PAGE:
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Opposition MPs walk out of parliament

But do the goons torturing Ugandans and their NRM supporters care?

Kampala, Uganda | MUBATSI ASINJA HABATI | Opposition MPs made a bold statement on Feb.03 by marching out of a sitting plenary session of parliament in protest against, what they say, is increasing torture of Ugandans by security agents in ungazetted dungeons.

“We cannot sit in parliament while some of our colleagues are suffering in jails,” the Leader of Opposition (LoP) in parliament, Matias Mpuuga (Masaka Municipality) said as he led the walk-out straight from the dispatch box. He said the opposition MPs would stay away for two weeks.

The opposition MPs possibly hoped for at least two outcomes from their walk out; first that, even if just for a few minutes, the business of parliament would be interrupted if not stopped. That did not happen.

Instead the Deputy Speak of Parliament, Anita Annet Among, encourage David Bahati (Ndorwa West); the minister of State for Industry, to carry on business as usual.

The opposition MPs possibly also hoped that at least some conscientious protesters among their colleagues from the ruling party and the Independents would join them. That too did not happen. The question now is why?

Among those currently in detention and allegedly tortured, are two MPs Muhammad Ssegirinya (Kawempe North) and Allan Sewanyana (Makindye West).

But the two recent torture cases that have led Ugandans to fear the dark days of the regimes of then-presidents Idi Amin Dada (1971-79) and Milton Obote (1980-85) when soldiers and security agencies could pick up anyone, anywhere, at any time without explain and detain, toruture and kill many of them.

On Feb.01, the biggest opposition political party in parliament; the National Unity Platform (NUP) paraded its coordinator for Kasese District, Samuel Masereka, to the media with wounds all over his body. They said the wounds resulted from torture he experienced while in military detection in Mbuya CMI headquarters in Kampala. Masereka who was being supported to walk had bodily injuries on legs and feet. His back was spread with bruises of canes.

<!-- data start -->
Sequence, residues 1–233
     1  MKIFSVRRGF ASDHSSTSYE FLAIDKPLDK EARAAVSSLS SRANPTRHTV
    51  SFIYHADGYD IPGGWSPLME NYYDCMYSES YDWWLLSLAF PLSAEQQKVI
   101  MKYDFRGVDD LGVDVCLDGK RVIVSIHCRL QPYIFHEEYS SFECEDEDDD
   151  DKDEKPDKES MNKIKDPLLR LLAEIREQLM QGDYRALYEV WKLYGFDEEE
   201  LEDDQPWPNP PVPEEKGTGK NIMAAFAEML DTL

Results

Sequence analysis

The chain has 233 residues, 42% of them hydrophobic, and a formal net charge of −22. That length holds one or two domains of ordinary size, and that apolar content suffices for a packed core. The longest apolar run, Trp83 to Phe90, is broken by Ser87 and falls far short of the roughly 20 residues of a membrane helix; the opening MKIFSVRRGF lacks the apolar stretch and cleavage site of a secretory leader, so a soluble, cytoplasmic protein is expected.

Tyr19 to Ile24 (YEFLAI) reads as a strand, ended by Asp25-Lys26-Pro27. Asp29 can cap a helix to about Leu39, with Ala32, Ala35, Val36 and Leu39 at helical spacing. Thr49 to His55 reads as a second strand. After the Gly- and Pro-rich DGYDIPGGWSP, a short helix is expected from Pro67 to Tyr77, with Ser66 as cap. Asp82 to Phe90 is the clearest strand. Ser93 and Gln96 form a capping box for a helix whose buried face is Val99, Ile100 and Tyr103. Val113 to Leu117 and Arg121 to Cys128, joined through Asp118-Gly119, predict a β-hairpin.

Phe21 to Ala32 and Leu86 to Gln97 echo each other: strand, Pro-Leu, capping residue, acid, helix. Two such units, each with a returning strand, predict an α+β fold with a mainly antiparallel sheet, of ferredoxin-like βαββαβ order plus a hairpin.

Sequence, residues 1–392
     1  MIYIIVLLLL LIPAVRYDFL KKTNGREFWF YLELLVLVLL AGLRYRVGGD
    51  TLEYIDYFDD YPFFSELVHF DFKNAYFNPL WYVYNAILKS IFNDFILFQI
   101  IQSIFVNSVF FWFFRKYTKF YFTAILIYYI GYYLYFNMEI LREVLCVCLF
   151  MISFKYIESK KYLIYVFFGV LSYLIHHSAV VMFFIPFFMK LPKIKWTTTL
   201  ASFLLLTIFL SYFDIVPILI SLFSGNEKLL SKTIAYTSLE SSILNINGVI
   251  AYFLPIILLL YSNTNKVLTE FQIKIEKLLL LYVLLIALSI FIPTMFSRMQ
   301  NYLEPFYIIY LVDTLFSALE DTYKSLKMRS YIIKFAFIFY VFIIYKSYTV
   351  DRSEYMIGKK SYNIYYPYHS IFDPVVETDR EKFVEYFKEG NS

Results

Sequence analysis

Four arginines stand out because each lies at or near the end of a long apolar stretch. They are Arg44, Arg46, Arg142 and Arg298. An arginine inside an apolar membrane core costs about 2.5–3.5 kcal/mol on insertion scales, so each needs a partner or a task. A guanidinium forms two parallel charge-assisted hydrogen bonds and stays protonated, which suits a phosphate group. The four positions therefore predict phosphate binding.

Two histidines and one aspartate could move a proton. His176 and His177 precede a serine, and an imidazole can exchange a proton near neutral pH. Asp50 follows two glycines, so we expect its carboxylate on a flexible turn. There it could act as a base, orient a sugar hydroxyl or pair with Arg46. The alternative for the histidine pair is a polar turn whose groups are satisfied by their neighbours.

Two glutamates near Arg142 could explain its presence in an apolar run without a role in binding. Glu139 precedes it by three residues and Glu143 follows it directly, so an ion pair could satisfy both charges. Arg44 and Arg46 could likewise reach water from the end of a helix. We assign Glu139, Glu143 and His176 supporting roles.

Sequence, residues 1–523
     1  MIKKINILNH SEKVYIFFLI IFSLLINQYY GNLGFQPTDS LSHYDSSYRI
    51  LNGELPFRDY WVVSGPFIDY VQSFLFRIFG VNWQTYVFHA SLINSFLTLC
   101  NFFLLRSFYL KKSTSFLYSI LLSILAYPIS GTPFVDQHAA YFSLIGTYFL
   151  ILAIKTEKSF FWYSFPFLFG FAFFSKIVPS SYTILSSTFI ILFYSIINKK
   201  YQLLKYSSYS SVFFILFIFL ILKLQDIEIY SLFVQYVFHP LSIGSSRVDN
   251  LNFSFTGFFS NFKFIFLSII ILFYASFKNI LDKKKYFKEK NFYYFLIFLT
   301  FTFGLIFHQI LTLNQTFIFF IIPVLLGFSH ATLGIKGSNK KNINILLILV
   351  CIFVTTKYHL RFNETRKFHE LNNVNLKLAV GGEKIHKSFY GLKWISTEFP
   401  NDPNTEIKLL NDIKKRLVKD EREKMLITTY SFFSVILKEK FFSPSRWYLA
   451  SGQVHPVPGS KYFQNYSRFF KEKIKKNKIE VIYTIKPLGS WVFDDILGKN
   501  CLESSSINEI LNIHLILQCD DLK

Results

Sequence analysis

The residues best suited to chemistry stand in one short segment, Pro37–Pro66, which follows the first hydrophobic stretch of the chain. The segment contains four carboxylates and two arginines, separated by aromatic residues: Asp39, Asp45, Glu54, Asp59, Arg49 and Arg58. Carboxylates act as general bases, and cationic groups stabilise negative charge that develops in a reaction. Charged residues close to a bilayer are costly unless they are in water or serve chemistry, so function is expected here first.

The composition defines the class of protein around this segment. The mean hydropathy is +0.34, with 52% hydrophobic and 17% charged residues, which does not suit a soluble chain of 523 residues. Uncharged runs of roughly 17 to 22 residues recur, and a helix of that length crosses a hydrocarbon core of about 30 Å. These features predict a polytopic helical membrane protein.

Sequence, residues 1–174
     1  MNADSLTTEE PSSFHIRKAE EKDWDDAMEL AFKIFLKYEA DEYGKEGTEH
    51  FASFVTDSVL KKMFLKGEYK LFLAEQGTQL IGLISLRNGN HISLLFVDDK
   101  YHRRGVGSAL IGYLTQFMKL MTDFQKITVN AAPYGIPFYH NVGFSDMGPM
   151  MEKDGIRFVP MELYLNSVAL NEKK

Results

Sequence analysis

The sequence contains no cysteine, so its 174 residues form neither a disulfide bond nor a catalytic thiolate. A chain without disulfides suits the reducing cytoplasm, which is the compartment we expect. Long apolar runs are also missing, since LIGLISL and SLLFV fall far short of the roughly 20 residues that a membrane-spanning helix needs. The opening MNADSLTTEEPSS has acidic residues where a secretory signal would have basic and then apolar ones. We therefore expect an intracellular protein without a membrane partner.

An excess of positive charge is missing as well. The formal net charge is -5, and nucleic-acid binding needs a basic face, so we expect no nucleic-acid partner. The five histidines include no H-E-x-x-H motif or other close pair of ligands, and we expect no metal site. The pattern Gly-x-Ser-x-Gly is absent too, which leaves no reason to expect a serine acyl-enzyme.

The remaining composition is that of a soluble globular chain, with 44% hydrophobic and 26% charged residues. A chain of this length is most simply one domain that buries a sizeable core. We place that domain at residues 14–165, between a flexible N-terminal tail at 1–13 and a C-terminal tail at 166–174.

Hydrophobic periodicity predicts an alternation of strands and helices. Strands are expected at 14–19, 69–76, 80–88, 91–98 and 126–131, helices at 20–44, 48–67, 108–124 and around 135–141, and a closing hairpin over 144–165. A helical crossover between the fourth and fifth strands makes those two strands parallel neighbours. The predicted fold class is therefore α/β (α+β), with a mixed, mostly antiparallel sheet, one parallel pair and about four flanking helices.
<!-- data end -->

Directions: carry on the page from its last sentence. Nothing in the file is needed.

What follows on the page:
Masereka had been abducted from his home in Kasese on December 07, 2021. He said his abductors first took him to the Kasese Central Police station from where a “drone” omnibus van drove him at breakneck speed for two hours within Kasese town and later to Mbuya CMI headquarters. From Mbuya, Masereka said he was beaten in turns while being asked what NUP’s plan for Rwenzori was. For the 34 days he was detained, Masereka said he was being beaten every day, asked the plans of NUP, their source of funds, and threatened that he could be killed without trace.

In another case, a video circulating on social media sites shows an undressed Kakwenza Rukirabashaija; the internationally recognised writer of fiction, displaying alleged marks of torture he says he suffered in detention recently.  The video showed Kakwenza’s bum, back, and thighs; all with scars that have recently healed. Those scars according to Kakwenza were inflicted on him through beatings while in military detention. Kakwenza says the bruises and scars are a result of beating meted out on him by his captors; a section of Uganda’s security forces.

Kakwenza was violently arrested in Kisasi, Kampala, held for weeks in unknown place where neither his family member nor his lawyer could be allowed to see him. He was later to briefly appear at his Iganga home where it was discovered he had been subjected to torture.

From Iganga, Kakwenza was again held incommunicado. Later on, he was arraigned in court and charged with offensive communication under the Computer Misuse Act in which he was accused of abusing President Yoweri Museveni and his son, Lt. Gen. Muhoozi Kainerugaba. While in Kitalya mini maximum prison, a medical officer counted over 60 freshly cut wounds on Kakwenza’s body resulting from beatings he experienced while incommunicado arrest.

Ruling party silent

Torture is prohibited under international law. Ugandan law also protects the right to freedom from torture. Article 24 of the 1995 Constitution of Uganda states: “No person shall be subjected to any form of torture, cruel, inhuman or degrading treatment or punishment.” To supplement this article of the Constitution, torture is also criminalised by the Prevention and Prohibition of Torture Act (2012).

In spite of the available legal framework and the human rights laws, Uganda’s security forces continue to torture suspects with impunity. The recent case of Kasese NUP coordinator, Kakwenza and others who have been subjected to torture show that holding individual security personnel who torture citizens accountable is still an uphill task as these are shielded by the regime.

As a protest repeated acts of torture and human rights violations in the country, the Leader of Opposition (LoP) in Parliament led a walk out of opposition legislators on February 3.

The LoP, Mathias Mpuuga, said the opposition will boycott parliament sittings for two weeks.

The Deputy Speaker Anita Among, said the appropriate solution would be for the LoP to come with a motion that seeks to debate and address the issue of torture. The deputy speaker reiterated that earlier on parliament had given Prime Minister Robinah Nabbanja two weeks to brief the House on allegations of torture. The two weeks will end on 8 February.